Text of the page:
The Daily Tar Heel

Serving the students and the University community since 1893

Monday January 24th

iPad could pave way for more e-textbooks

E-book sales at UNC slow so far

At just a half-inch thick and 1.5 pounds, Apple’s newly unveiled iPad weighs a lot less than the standard biology textbook.

With the technology to display and interact with digital textbooks, the iPad could surpass the ranks of other digital textbook readers, such as Amazon’s Kindle.

The announcement, which may have trumped the anticipation of President Barack Obama’s first State of the Union address, was heralded by Apple CEO Steve Jobs as revolutionary.

The iPad launch was coupled with the announcement of Apple’s new online bookstore, known as iBooks. Books sold through iBooks would be accessible on the iPad.

All of this could mean a bigger push for the now-fledgling electronic textbook industry.

CourseSmart, which produces digital versions of textbooks produced by many of the top textbook publishers in the U.S. and works with UNC, already has an application that allows students to access their electronic textbooks on their iPhone, said CourseSmart spokeswoman Gabrielle Zucker.

“They can literally hold their textbooks in their hand,” she said.

Because the iPad will operate with the same technology as the iPhone, CourseSmart textbooks should be easily accessible from the iPad, she said.

CourseSmart’s sales increased 400 percent in the last year, and it has more than 8,700 textbooks in its digital library, Zucker said.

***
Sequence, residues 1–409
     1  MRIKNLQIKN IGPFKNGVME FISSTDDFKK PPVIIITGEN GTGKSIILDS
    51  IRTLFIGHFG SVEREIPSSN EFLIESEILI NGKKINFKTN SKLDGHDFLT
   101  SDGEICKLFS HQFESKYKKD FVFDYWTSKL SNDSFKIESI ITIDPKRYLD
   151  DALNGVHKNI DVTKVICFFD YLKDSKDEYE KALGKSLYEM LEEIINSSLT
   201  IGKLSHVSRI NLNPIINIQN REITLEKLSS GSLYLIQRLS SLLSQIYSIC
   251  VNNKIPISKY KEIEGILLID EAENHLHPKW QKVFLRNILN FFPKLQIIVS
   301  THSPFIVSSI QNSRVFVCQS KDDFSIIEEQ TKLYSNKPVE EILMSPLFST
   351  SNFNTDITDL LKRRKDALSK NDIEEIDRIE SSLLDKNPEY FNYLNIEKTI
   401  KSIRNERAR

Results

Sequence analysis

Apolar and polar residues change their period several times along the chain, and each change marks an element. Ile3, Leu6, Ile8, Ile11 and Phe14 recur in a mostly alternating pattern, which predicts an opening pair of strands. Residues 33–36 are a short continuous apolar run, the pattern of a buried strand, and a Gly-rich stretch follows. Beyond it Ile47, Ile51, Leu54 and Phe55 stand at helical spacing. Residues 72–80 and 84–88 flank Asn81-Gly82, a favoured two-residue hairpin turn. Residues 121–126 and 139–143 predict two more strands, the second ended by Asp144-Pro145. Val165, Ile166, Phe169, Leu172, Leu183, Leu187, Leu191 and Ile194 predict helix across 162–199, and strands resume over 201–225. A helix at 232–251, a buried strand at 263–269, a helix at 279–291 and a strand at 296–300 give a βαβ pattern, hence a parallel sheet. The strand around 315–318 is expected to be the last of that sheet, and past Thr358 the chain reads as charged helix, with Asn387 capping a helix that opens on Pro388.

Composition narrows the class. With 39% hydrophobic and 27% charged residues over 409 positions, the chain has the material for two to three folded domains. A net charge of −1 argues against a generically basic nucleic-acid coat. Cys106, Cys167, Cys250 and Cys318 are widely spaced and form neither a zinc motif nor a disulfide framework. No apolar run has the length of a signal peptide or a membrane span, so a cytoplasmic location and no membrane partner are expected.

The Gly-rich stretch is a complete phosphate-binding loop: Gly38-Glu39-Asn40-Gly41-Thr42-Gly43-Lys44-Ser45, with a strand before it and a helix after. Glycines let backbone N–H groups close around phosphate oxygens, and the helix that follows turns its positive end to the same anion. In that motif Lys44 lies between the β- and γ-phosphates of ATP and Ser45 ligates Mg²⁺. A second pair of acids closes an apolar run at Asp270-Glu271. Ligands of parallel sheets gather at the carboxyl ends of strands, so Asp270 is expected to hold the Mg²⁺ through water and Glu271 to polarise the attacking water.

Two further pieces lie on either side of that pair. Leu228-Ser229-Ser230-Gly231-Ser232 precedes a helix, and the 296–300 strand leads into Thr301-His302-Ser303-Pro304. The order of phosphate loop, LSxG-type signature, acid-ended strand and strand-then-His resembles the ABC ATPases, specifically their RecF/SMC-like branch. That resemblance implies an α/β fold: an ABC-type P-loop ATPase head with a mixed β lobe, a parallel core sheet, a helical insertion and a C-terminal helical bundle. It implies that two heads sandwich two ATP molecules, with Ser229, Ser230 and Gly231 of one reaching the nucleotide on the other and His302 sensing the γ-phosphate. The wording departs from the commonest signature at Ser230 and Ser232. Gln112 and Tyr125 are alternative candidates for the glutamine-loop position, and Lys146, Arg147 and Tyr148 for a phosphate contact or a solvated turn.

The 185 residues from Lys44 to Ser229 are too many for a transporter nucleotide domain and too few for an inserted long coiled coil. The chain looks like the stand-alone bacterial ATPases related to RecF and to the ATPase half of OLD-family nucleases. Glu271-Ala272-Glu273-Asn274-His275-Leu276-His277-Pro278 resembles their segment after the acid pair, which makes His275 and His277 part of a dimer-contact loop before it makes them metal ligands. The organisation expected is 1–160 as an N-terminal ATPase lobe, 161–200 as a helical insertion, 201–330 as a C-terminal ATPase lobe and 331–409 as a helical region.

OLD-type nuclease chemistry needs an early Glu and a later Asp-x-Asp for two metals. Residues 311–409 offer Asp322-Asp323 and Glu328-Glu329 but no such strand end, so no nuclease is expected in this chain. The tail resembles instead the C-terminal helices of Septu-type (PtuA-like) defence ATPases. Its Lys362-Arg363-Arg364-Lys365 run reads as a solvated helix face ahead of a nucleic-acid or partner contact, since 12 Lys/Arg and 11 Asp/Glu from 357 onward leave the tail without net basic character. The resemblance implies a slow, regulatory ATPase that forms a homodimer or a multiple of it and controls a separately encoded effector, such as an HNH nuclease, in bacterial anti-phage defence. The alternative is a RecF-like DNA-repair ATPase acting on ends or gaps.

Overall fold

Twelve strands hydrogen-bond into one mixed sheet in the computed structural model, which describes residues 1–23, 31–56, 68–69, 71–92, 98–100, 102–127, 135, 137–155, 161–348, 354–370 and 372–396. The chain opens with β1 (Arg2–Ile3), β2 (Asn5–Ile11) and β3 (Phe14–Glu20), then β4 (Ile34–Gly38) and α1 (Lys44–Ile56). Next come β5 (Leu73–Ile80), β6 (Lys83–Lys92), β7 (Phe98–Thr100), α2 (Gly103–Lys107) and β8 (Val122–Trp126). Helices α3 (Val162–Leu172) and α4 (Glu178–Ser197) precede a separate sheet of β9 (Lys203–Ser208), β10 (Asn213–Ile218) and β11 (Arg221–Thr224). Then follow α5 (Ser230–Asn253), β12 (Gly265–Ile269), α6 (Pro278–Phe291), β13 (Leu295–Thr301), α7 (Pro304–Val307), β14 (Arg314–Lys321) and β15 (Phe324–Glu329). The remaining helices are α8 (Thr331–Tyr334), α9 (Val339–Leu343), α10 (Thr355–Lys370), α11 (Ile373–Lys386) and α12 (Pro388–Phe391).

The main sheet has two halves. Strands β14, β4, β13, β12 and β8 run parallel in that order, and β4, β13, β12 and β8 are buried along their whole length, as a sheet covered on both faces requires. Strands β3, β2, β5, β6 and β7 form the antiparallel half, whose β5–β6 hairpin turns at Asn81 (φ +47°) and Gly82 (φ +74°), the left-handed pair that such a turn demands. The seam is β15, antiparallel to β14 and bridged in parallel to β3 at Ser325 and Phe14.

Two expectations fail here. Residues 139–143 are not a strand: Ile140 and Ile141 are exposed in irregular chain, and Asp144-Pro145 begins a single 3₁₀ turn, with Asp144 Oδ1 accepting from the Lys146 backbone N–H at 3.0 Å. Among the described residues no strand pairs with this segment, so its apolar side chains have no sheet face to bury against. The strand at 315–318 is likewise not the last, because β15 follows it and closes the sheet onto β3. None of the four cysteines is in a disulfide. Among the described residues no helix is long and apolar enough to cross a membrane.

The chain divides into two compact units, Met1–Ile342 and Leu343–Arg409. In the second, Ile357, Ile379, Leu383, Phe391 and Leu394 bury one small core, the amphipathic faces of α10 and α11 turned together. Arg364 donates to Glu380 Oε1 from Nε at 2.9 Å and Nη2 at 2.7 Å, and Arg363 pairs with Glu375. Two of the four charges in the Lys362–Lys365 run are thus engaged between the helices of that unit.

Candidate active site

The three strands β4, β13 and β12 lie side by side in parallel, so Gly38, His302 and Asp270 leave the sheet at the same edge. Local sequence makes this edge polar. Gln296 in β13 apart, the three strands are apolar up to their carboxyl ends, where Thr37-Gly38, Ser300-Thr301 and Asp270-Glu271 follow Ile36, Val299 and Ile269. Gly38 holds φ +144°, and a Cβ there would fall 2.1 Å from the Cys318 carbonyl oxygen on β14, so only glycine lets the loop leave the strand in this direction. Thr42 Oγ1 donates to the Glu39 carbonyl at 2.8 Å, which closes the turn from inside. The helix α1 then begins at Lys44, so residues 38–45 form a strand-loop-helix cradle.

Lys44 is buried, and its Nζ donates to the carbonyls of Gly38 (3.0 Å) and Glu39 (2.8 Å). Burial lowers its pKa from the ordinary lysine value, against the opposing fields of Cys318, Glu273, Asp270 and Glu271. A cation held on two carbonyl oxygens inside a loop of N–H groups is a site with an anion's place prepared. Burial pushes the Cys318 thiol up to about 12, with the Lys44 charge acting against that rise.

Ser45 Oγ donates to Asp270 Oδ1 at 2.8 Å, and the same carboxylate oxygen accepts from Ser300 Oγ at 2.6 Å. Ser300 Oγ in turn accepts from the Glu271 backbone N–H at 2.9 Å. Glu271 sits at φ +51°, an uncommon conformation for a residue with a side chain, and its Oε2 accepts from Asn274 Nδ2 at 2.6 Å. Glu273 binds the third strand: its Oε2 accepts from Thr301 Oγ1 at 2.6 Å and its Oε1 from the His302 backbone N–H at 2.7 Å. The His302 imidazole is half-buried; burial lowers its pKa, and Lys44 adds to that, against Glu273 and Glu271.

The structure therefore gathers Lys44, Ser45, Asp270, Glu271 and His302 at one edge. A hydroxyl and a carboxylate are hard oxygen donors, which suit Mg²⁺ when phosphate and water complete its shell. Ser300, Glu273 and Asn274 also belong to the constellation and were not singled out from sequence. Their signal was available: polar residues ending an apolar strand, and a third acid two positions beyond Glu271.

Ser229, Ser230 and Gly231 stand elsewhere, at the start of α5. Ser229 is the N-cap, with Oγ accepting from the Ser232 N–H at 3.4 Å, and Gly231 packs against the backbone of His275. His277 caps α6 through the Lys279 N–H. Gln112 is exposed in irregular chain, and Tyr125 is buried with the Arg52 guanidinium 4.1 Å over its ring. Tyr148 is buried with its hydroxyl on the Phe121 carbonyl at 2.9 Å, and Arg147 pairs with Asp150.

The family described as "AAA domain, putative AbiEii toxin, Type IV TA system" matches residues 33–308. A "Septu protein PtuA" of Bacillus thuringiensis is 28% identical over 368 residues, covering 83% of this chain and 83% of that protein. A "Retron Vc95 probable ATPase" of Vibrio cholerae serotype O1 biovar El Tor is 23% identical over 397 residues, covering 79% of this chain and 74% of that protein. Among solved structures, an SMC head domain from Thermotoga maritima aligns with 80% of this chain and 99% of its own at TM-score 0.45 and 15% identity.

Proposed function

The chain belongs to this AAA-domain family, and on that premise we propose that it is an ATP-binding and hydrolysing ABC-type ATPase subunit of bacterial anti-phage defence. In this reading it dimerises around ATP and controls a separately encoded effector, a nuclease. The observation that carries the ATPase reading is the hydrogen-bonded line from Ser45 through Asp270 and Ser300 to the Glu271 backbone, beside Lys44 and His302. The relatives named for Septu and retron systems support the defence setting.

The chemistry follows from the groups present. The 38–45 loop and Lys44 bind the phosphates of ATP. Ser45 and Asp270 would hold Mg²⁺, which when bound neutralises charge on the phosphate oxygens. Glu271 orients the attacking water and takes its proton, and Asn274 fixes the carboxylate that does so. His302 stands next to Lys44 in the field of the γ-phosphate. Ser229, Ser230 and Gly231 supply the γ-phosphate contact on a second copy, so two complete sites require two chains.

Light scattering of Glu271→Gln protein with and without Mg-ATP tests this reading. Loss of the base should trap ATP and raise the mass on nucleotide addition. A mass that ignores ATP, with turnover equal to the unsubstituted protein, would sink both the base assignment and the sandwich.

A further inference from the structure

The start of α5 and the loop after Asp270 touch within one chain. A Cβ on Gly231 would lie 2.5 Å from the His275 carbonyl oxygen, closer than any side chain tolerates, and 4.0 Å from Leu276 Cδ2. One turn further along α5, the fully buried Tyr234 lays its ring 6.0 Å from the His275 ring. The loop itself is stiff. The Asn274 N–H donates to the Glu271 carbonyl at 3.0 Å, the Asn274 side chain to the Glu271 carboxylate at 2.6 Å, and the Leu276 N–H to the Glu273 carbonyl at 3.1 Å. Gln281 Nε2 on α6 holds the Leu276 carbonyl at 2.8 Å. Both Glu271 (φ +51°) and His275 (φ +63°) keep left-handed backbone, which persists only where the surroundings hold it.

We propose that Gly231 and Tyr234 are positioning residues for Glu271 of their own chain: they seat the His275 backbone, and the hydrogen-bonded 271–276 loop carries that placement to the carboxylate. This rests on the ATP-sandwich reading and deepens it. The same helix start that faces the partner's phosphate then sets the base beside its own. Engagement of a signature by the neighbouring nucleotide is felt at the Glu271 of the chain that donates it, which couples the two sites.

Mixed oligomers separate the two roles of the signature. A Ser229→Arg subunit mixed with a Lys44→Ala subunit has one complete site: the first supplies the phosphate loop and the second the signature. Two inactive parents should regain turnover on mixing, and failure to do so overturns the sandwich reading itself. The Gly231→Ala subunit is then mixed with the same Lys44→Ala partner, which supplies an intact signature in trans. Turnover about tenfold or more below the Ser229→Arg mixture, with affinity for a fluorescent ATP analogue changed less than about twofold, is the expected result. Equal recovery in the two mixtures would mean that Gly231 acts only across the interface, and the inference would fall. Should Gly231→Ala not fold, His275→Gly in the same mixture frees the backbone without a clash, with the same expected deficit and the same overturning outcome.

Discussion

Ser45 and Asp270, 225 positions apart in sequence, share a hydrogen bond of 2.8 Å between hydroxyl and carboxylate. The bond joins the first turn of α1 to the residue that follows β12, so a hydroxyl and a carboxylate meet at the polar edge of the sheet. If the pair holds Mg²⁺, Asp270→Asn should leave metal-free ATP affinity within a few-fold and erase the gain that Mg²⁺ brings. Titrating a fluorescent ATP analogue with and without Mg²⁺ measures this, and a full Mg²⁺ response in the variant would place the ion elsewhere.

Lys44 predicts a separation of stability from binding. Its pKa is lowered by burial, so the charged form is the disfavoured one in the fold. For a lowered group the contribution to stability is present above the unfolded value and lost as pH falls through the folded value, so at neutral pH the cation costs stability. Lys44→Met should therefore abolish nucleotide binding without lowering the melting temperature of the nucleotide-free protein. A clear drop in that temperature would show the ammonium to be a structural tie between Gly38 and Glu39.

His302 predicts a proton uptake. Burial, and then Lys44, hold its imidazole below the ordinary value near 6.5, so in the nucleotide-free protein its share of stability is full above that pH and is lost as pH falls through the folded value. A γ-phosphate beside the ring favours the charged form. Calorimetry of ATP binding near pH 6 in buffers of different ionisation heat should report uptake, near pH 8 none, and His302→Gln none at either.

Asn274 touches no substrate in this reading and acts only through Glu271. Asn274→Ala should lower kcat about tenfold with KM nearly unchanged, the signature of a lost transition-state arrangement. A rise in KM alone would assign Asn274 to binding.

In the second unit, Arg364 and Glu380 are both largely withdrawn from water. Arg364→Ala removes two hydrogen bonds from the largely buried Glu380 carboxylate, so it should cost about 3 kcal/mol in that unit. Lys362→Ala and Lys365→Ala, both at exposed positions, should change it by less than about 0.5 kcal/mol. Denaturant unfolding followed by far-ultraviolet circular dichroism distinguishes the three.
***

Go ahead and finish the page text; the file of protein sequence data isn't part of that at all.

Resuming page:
UNC offered several hundred digital textbooks from CourseSmart in Fall 2009, but less than five percent of students bought them, said John Jones, director of UNC Student Stores.

Using digital textbooks has regularly been suggested as a way to bring down textbook prices.

Digital textbooks cost an average of 50 percent less than standard textbooks, Zucker said. Combined with the cost of the iPad — the least expensive model will sell for $499 — they could be cost-effective.

UNC sophomore John Danello said that because he already has an iPhone and laptop, the iPad seems unnecessary for him at this time.

“It’s a couple years before I would be interested in using something like that. It’s nice to have the physical pages,” he said.

But he acknowledged that for college students, digital textbooks could ultimately draw them to the iPad.

“It’s certainly possible that it could become the new textbook of college students.”

Contact the State & National Editor at stntdesk@unc.edu.

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